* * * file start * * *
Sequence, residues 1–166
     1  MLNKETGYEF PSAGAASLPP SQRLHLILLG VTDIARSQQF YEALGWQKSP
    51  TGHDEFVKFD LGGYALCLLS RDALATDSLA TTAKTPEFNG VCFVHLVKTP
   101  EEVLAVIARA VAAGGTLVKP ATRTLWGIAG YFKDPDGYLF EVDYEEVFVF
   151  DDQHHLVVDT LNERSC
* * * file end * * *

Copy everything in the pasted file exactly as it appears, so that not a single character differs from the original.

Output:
Sequence, residues 1–166
     1  MLNKETGYEF PSAGAASLPP SQRLHLILLG VTDIARSQQF YEALGWQKSP
    51  TGHDEFVKFD LGGYALCLLS RDALATDSLA TTAKTPEFNG VCFVHLVKTP
   101  EEVLAVIARA VAAGGTLVKP ATRTLWGIAG YFKDPDGYLF EVDYEEVFVF
   151  DDQHHLVVDT LNERSC